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Be Prepared — With a Complete Picture of Volatility



Most people know the Scout’s motto: “Be Prepared”.

This isn’t just good advice for impressionable young men; it’s a great way to face most tasks in life. Trading options is no exception. I always examine three things before making any trade: implied volatility, historical volatility and the direction of volatility. Being a successful option trader requires being able to see the big picture — which involves relating option pricing levels to historical volatility.

Let me use an analogy: Insurance premiums are generally tied to underlying risk. Let’s assume that a $1 million house in Toronto costs $1,000 to insure and that an exact duplicate $1 million home near the coast in Florida costs $2,000 to insure. Both houses have the same value, so why does one house cost twice as much to protect? Since the home in Florida carries a higher risk of sustaining damage from a hurricane or similar threat, the insurance company needs to charge an appropriately higher fee. In part, the insurance company determines premium pricing by looking at past home damage data in the region. In other words, it is looking at historical volatility in order to effectively price implied volatility.

Option traders should use appropriate software to analyze where implied and historical volatility are trading — both on an absolute and relative basis. An example would be Before making an option trade, look at a chart of implied volatility to see where options of a certain duration have been priced. You need to consider if option prices are high or low based on the past year’s range. Then, overlap that chart with a chart of historical volatility in order to relate current option pricing to past risk.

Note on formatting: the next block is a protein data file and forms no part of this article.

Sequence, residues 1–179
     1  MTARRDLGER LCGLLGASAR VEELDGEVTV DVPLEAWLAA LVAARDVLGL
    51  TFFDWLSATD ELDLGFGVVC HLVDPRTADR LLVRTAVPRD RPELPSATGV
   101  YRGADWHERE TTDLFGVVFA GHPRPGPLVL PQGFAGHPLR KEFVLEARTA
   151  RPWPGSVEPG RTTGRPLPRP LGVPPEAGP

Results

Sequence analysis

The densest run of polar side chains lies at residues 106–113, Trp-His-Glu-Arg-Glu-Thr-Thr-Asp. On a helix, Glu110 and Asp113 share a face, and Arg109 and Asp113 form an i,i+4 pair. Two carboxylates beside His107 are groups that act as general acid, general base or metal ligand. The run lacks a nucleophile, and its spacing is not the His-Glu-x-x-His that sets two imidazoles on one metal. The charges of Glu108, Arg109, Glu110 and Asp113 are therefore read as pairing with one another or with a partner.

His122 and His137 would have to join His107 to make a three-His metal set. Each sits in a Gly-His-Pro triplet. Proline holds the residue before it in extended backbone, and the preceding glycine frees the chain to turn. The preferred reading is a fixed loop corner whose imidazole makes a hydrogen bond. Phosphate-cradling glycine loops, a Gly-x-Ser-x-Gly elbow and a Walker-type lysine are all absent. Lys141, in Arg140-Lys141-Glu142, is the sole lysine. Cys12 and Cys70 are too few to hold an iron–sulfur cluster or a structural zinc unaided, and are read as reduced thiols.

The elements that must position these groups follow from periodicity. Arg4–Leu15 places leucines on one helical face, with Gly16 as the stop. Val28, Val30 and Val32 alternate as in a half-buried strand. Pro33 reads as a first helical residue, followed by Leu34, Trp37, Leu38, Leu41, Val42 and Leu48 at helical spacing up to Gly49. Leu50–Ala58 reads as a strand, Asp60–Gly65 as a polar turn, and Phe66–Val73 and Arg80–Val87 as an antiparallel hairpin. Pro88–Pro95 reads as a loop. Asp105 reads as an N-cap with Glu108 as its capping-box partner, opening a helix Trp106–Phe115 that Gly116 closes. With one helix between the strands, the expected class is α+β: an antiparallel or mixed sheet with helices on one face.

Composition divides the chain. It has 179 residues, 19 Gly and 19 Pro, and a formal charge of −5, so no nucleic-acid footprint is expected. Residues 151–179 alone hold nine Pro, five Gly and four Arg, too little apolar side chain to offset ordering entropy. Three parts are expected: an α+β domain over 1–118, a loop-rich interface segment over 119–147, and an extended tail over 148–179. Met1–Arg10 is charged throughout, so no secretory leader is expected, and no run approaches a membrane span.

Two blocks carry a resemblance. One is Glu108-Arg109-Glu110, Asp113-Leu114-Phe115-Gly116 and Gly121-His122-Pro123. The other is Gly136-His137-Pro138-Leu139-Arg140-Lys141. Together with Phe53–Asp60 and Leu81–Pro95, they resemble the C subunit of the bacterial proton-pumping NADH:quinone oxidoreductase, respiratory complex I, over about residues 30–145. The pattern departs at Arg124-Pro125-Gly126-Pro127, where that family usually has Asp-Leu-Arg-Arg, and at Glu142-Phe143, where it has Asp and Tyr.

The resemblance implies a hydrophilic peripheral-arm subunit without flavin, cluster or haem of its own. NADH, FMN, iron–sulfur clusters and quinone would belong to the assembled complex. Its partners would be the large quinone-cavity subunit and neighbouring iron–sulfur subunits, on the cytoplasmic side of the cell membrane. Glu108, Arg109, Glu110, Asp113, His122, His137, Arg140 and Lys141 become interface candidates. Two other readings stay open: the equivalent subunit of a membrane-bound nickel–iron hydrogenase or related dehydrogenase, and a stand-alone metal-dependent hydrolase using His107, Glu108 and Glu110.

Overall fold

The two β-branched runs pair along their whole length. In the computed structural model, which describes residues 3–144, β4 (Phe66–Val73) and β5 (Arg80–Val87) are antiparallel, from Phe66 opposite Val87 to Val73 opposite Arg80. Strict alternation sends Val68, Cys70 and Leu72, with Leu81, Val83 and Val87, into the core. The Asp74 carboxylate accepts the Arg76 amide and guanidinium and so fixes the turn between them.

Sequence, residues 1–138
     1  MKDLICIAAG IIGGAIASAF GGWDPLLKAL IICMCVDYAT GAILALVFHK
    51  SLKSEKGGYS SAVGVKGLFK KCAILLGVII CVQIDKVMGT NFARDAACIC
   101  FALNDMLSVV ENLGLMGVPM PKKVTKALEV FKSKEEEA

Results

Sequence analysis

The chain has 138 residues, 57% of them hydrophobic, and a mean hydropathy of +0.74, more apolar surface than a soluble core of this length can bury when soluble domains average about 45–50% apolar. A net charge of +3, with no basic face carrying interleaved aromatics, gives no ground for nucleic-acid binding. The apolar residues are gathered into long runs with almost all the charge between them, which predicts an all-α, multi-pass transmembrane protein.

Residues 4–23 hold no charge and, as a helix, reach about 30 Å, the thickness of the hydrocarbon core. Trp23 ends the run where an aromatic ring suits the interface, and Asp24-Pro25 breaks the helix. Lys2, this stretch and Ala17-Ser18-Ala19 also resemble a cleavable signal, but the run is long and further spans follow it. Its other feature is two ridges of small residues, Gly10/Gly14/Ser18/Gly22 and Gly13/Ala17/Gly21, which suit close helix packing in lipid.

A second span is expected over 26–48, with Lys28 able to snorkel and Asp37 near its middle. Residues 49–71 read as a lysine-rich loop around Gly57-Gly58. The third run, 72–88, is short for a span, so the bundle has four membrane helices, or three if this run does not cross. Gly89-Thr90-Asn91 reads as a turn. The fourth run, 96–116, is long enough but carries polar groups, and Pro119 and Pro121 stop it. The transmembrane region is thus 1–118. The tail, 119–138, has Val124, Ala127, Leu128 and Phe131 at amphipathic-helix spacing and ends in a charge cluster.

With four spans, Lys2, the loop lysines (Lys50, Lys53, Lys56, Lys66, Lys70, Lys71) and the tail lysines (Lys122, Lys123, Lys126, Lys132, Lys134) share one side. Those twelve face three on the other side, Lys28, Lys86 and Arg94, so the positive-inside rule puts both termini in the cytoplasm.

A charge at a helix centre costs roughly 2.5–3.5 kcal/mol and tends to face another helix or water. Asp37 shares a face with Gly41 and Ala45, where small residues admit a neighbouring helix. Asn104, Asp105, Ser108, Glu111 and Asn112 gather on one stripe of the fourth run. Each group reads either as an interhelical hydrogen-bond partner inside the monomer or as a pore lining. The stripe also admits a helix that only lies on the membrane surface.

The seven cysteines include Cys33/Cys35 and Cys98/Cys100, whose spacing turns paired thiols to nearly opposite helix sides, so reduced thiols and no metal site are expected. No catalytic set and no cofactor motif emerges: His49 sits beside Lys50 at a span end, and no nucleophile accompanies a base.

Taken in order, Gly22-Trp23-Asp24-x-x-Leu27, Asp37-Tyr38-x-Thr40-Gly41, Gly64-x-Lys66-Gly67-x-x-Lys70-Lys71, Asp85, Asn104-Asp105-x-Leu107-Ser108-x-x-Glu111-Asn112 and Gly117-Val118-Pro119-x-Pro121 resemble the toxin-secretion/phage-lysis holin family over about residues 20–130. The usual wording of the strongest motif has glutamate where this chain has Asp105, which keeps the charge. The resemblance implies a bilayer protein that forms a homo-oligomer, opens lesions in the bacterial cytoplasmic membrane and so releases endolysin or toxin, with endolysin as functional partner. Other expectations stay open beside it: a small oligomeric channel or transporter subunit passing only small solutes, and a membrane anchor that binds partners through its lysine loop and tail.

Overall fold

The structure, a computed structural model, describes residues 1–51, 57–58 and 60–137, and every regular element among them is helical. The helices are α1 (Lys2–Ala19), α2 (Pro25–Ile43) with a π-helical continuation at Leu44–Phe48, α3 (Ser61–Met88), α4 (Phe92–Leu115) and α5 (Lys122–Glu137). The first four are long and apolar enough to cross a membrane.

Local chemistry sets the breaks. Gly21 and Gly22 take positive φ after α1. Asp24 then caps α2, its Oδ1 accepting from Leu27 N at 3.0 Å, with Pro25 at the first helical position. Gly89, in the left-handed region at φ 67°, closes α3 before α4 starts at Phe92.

For option traders, risk isn’t home damage, it is stock movement. In the same way that the insurance company is assessing past risk of home damage, you need to look at historical stock movement to determine how you feel about where current options are priced. Are options priced higher or lower relative to how the stock is moving?

Finally, I like to assess the direction of volatility. You may discover that options are currently more expensive than historical volatility. But what if historical volatility is rising steadily? Do I want to sell straddles and strangles into a market that is moving in an increasingly wider range? Probably not. Instead, I would wait for historical volatility to taper off, and give myself a better signal that the market is calming down.

Why are these things critical to consider? I’m a private pilot and I would never set off on a trip without looking at the weather and winds. I chart my route and go through my checklists. Assessing implied and historical volatility is just that — checking the climate. It’s seeing if the weather is getting worse or getting better. It’s looking at checklists to ensure that I have a complete picture of volatility before putting my hard-earned capital to work. Without following a similar process, you just might be flying blind.


Source: Bloomberg, as at September 30, 2016.

The views/opinions expressed herein may not necessarily be the views of AlphaPro Management Inc. All comments, opinions and views expressed are of a general nature and should not be considered as advice to purchase or to sell mentioned securities. Before making any investment decision, please consult your investment advisor or advisors.

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